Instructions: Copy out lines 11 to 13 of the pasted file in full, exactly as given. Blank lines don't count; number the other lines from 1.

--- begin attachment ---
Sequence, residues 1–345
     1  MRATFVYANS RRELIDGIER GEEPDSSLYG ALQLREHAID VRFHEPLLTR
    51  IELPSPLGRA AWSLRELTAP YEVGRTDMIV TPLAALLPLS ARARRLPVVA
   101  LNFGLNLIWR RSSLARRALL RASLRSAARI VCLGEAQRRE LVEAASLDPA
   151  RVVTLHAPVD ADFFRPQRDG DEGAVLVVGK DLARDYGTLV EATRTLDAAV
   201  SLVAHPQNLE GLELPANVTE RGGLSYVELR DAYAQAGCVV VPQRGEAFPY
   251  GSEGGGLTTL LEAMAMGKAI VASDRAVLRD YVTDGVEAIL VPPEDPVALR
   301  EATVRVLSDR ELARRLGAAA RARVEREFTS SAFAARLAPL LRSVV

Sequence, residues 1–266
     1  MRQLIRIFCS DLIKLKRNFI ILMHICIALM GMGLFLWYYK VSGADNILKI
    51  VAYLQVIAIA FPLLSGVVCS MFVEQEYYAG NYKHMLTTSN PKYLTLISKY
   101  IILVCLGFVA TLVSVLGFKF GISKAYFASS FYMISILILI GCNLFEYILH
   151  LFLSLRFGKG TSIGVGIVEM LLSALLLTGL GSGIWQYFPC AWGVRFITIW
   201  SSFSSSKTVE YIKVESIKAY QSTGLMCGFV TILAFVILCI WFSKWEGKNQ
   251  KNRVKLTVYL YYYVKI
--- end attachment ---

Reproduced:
    51  VAYLQVIAIA FPLLSGVVCS MFVEQEYYAG NYKHMLTTSN PKYLTLISKY
   101  IILVCLGFVA TLVSVLGFKF GISKAYFASS FYMISILILI GCNLFEYILH
   151  LFLSLRFGKG TSIGVGIVEM LLSALLLTGL GSGIWQYFPC AWGVRFITIW